Pyrenees Traverse, France | Cape Wrath Trail, Scotland | Zillertal Alps, Austria | Tongariro Northern Circuit and Heaphy Track, New Zealand | Cordillera Apolobamba, Bolivia | Overland Track, Australia | Sarek National Park, Sweden | Rolwaling and Khumbu Valleys, Nepal | Polar Route, Greenland | Simien Mountains National Park, Ethiopia
South America’s highest nation is known as the “Tibet of the Andes” for its altiplano, a plateau where valley bottoms sit at 13,000 feet. Above that, mountains are so big and buried in snow and glaciers that you really could mistake them for the Himalayas. And the best place to see it all is western Bolivia’s pristine and barely known Cordillera Apolobamba. Hard against the Peruvian border, the region is home to Andean condors, herds of vicuñas (related to alpacas), endangered speckled bears, and the 65-mile Apolobamba trek, which runs from Curva north across Apolobamba National Park to Pelechuco. The weeklong high route crosses five passes between 15,400 and 16,728 feet.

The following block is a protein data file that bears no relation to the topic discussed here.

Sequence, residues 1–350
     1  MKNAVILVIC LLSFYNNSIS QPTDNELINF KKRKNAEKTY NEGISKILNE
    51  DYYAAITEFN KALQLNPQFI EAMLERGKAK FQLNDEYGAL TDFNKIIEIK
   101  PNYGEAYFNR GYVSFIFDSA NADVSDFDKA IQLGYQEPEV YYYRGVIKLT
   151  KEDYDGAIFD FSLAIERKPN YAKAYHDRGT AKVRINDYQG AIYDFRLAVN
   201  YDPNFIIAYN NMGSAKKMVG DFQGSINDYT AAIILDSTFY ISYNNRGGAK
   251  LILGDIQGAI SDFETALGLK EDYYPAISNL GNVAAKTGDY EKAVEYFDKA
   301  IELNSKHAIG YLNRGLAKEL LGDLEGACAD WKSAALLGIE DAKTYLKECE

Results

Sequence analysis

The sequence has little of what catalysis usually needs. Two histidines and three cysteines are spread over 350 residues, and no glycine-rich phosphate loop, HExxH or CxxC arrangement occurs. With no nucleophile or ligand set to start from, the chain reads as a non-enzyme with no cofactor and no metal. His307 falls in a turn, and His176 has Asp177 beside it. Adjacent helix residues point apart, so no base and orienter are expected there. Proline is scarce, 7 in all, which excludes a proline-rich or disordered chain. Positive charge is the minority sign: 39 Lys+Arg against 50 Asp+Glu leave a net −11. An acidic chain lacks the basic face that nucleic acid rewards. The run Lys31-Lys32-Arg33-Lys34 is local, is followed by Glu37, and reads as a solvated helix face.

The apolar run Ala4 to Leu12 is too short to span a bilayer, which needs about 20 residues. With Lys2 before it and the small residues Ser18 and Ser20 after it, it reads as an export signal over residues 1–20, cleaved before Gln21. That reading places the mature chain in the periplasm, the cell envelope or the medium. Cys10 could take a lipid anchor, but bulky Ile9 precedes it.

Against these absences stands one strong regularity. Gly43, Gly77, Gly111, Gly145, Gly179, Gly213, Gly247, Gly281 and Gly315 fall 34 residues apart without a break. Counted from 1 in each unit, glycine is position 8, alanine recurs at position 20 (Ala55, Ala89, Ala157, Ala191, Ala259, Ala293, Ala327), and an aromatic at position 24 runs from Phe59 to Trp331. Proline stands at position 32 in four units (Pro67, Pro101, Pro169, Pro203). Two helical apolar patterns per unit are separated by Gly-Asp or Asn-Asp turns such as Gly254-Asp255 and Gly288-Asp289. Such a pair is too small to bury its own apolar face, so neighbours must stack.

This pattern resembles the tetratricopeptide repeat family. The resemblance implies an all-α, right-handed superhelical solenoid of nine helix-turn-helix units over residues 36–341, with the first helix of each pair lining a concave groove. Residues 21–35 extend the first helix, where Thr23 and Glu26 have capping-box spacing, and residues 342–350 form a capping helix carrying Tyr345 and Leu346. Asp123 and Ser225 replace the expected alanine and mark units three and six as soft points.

Spend at least one night pre-trek in the small town of Charazani (Curva has no lodging). It’s the capital of the Kallawaya medicine men, who travel village to village dispensing herbs and magic to heal the sick (and sore; they’ll treat hikers for a small fee). If the medicine men are away, find rejuvenating hot springs a 10-minute walk from Charazani’s main square. From Curva, hike north in the shadow of 18,589-foot Akamani, sacred to the native Quechua and Aymara. Cross the mountains on ancient Inca-built trails and pass through quiet villages where burros are still the main form of transportation.
Life-list moment: Pitch your tent near mysterious Inca ruins at Incachani and take a bone-chilling shower in a nearby waterfall–where the ruins’ occupants probably bathed centuries ago. Next, in Sunchuli Valley, explore an abandoned gold mine worked by both the Spanish and the Inca. Inspired? Go exploring for the legendary city of El Dorado, which is purported to be near here.